Perpetual complaints about New York City’s transportation system are a significant part of New Yorkers’ love-hate relationship with the city. With Mayor de Blasio’s endorsement of the Brooklyn-Queens streetcar plan yesterday, here are five more transportation system plans that may become part of New Yorkers’ daily commute in the near future, and hopefully not part of their daily rant. (more…)
12 hours, 32 miles, 1,235 people and an unforgettable experience of hiking the entire perimeter of Manhattan. It’s called The Great Saunter–an annual urban walk that meanders through some twenty waterfront parks and promenades, several historic communities and innumerable moments of surprise and wonder. 2015 marks the thirtieth year of this extreme city walking adventure and Untapped Cities jumped right in, to explore the shores of Manhattan with several other enthusiasts amidst the blossom of Spring earlier this month.
This winter, with New York City’s Hudson and East Rivers particularly frozen (and sometimes trapping the ferries), New Yorkers are getting a first-hand glimpse at, well, nature. In-the-know New Yorkers like to point out that the East River is not actually a river, but is an estuary, meaning that waters come in from multiple sources, including salt water from the sea. On February 17th, the East River Ferry published an explanation, sharing how the tidal patterns cause unpredictable ice flows writing, “the tide changes multiple times per day, enabling ice to enter from different major bodies of water, making it nearly impossible to predict what it’s going to do, or where it’s going to be.” But what about the Hudson River?
When was the last time you traveled through a tunnel into Manhattan? Perhaps it was during your subway ride to work, on a train from Penn Station, or even in a taxi coming back from a night out on the town. We take tunnels for granted these days, but prior to the 20th century, only one tunnel existed; a small tube built in 1892 by the East River Gas Company to supply gas to Manhattan, which is still in use today.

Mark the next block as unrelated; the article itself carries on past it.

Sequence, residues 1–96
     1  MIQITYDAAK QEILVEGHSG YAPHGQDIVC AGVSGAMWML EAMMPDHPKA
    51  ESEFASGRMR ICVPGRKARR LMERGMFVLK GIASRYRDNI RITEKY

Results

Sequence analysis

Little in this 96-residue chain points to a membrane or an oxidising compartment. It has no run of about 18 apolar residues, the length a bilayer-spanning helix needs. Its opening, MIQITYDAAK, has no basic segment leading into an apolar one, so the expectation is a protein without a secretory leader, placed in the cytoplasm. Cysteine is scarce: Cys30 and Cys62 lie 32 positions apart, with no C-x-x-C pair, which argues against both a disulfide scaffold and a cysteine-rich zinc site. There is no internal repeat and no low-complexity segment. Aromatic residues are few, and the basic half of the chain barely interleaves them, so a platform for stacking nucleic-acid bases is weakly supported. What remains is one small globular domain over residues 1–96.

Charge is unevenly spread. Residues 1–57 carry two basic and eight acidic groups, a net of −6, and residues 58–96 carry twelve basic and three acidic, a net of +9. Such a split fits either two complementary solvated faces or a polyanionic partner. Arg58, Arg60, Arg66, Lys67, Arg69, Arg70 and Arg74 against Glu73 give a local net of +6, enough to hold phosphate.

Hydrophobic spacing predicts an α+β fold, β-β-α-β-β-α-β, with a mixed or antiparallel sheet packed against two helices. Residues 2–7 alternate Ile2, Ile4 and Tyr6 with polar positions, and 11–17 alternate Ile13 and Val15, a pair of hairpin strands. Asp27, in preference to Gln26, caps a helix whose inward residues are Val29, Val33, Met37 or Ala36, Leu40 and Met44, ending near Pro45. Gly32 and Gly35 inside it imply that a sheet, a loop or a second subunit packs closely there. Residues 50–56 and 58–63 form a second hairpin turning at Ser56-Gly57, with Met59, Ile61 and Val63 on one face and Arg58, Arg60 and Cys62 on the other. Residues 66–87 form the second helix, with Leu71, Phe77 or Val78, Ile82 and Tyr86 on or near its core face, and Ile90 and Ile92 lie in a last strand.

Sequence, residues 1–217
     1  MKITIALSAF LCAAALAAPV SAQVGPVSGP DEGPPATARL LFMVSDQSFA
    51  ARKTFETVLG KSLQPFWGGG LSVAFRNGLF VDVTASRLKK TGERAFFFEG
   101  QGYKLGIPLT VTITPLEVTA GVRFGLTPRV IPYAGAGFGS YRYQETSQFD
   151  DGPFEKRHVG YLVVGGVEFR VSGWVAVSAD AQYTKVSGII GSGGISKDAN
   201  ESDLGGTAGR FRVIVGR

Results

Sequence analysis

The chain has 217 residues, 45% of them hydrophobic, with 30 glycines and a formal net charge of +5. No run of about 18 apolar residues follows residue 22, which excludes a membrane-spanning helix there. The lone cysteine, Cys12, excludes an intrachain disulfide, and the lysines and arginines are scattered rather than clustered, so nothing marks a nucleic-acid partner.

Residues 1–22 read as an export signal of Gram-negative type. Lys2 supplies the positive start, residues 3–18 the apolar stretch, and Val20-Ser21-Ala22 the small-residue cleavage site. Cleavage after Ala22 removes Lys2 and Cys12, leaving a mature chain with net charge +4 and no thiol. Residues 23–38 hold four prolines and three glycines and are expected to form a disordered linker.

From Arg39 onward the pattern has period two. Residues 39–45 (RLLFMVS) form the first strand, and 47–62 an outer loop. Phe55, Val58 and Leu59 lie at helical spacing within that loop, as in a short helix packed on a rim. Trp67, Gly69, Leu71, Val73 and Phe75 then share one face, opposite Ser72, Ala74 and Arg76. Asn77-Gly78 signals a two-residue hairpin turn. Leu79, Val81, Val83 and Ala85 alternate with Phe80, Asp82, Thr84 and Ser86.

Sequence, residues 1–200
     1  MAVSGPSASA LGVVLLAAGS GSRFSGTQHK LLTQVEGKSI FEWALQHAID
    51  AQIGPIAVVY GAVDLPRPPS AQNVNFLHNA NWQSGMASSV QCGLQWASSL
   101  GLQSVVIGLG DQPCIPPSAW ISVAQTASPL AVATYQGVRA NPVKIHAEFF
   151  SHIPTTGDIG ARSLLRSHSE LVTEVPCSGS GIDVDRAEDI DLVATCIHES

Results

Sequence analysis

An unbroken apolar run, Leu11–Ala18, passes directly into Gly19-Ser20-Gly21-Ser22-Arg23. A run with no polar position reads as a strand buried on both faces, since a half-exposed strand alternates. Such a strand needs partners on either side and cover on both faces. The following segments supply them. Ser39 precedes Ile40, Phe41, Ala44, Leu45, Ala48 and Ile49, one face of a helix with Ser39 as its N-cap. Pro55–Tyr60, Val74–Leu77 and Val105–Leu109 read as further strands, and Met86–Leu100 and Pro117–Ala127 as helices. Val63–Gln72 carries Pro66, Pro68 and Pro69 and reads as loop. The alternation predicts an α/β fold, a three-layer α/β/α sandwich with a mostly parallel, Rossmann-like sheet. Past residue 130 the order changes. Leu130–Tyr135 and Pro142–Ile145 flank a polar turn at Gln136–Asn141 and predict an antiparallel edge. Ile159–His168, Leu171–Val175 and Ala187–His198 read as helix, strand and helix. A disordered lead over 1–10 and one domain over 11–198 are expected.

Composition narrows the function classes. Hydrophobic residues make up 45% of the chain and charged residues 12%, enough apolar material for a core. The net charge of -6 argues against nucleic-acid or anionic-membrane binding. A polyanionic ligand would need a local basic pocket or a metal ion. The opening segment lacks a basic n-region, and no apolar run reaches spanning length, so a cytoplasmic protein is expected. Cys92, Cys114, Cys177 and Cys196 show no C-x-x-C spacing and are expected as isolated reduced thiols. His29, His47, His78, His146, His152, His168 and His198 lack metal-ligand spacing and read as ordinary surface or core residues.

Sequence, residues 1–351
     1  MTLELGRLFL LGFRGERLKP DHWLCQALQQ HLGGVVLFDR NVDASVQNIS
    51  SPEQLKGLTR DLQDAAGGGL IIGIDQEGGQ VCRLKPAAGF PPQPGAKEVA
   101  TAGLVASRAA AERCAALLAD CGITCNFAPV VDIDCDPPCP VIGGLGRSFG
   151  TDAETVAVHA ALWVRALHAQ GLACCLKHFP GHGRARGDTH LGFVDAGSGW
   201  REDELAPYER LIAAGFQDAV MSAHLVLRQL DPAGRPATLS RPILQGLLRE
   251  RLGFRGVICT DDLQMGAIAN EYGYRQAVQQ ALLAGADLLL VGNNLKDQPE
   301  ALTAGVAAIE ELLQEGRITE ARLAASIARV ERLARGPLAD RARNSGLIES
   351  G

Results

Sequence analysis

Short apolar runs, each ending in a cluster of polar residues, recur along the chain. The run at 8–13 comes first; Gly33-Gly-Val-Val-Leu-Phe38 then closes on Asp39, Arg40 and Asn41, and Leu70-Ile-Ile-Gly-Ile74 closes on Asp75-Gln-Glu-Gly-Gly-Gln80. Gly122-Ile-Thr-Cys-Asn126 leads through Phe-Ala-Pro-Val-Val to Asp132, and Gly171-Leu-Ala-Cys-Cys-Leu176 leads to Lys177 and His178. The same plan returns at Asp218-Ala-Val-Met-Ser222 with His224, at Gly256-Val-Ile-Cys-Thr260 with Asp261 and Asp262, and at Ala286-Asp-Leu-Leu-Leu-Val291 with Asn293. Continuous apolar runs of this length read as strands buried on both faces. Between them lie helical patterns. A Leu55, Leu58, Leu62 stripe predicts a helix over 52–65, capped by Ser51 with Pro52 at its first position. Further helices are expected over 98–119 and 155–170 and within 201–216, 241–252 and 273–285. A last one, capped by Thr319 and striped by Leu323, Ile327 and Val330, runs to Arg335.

We all love our iconic, innovative, and picturesque bridges (insert photos of the Brookly, Manhattan, and Queensboro Bridges here), but New York City is home to far more bridges, each with its own unique story to tell. Below, we round up some of the city’s “other” bridges, who have made the cut either for their obscurity, their interesting history, or their other distinguished features. (more…)
As we sailed north, along Manhattan’s iconic skyline, the tall, taller and tallest of its architecture, soon blurred into a forested landscape and rocky terrain, reminiscent of the Mannahatta that Henry Hudson discovered four hundred years ago. The transition was quite evident as the Untapped Cities crew took to the waters aboard the classic harbor line yacht ‘Manhattan ‘ inspired by the famous (and infamous) commuter yachts of the roaring twenties. The three hour spectacle- called the Around Manhattan Architectural tour sponsored by the New York chapter of American Institute of Architects, offers some stunning insights into the past, present and future of the ever evolving city and its waterfront.